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PINOCCHIO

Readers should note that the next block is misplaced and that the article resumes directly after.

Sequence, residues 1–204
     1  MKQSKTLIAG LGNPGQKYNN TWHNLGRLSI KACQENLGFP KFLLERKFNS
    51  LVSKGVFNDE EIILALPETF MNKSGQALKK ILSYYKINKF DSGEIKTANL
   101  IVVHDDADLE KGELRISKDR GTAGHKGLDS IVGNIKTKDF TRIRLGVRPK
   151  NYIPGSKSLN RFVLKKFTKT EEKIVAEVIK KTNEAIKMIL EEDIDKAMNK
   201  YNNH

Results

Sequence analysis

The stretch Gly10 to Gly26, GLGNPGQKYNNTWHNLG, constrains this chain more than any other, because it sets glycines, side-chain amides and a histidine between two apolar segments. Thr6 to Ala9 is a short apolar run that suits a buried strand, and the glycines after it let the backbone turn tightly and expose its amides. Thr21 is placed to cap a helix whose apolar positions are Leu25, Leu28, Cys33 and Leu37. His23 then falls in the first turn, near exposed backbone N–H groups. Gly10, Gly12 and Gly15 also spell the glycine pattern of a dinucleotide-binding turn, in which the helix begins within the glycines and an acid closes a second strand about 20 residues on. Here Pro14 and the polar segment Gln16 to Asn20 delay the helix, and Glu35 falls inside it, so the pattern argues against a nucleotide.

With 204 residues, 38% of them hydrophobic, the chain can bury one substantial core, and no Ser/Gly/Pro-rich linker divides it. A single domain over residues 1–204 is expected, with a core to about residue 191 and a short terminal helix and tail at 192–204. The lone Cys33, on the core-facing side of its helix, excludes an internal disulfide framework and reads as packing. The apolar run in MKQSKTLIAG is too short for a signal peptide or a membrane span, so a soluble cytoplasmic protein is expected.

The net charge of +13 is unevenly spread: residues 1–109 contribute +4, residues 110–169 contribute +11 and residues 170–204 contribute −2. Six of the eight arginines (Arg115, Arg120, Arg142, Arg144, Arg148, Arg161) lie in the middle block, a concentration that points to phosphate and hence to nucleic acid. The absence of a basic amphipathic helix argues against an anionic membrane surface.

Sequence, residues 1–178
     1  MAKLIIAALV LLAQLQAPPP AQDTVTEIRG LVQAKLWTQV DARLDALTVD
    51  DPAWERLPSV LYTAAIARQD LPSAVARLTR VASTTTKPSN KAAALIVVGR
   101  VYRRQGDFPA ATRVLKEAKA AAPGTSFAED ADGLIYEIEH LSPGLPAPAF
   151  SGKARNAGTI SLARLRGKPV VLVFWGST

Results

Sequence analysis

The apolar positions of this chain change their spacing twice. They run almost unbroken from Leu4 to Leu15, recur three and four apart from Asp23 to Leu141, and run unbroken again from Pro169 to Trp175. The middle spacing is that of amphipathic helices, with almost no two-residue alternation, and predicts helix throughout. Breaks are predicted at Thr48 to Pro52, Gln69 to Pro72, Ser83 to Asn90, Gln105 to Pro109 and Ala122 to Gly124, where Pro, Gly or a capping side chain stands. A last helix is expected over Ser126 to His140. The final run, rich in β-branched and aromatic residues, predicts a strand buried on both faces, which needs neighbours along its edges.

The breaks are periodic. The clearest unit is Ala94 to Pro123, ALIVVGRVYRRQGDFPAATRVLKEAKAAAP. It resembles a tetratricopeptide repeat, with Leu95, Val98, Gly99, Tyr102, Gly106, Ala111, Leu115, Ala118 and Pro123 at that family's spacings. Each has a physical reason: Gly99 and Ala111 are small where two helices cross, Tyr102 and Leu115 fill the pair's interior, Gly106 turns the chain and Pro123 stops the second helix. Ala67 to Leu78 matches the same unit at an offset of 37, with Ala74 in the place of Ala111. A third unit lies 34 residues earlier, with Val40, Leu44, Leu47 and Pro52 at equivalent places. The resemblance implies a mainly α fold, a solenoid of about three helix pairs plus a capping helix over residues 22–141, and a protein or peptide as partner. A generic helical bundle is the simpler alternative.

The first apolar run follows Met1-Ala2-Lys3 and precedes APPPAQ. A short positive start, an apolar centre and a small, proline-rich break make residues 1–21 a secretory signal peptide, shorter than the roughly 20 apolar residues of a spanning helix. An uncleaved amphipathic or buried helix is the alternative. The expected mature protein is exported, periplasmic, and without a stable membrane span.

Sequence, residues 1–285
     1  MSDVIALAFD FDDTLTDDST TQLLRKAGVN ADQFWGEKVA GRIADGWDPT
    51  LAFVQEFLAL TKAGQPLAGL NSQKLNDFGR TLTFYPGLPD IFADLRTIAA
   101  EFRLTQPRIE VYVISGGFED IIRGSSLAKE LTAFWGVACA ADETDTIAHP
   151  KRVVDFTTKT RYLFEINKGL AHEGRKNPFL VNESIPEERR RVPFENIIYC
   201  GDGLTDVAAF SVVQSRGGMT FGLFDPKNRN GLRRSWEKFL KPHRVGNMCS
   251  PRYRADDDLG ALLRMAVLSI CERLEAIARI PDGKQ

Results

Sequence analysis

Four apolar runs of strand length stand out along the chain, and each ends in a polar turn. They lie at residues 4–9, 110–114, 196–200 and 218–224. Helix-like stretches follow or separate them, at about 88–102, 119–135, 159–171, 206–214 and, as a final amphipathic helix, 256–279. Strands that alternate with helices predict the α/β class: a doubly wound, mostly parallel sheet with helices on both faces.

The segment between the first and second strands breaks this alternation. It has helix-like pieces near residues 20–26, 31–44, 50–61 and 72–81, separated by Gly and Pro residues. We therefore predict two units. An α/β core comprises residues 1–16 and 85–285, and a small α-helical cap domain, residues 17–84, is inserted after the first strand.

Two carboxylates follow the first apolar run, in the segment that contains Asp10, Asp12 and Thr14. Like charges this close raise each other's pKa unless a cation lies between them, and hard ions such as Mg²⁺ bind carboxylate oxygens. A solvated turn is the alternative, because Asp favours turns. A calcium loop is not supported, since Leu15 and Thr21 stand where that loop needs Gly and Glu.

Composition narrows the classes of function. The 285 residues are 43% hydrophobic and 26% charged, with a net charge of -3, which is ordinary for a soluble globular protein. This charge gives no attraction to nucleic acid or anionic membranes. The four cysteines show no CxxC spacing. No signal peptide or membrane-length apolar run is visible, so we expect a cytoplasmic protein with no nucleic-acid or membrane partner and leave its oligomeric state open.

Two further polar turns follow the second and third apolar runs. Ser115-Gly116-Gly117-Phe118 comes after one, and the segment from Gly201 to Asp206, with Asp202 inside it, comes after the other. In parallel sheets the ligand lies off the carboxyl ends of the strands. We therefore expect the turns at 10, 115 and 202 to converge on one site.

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The idea of treating animated movies as fine art can seem laughable when the film in question is a cartoony, formulaic, hyper-promoted affair like, say, Disney’s Hercules. But the studio’s 1940 masterpiece Pinocchio deserves that moniker, and in Pierre Lambert’s coffee-table catalog of production sketches, backgrounds, and finished ”cels,” certifiable genius radiates through the pages. Lambert, a French animation buff and sometime consultant to Christie’s auction house (which, not coincidentally, will soon be hawking items pictured herein), provides only a scattershot text with no fresh interviews. His exegesis of which artists did what, however, and of how their individual strengths were matched to particular characters and scenes — such as broody, beefy draftsman Bill Tytla’s work on the volcanic puppet master Stromboli — is invaluable. So is the fact that this book enshrines the fullest flowering of a medium increasingly overtaken by marketing concerns. A-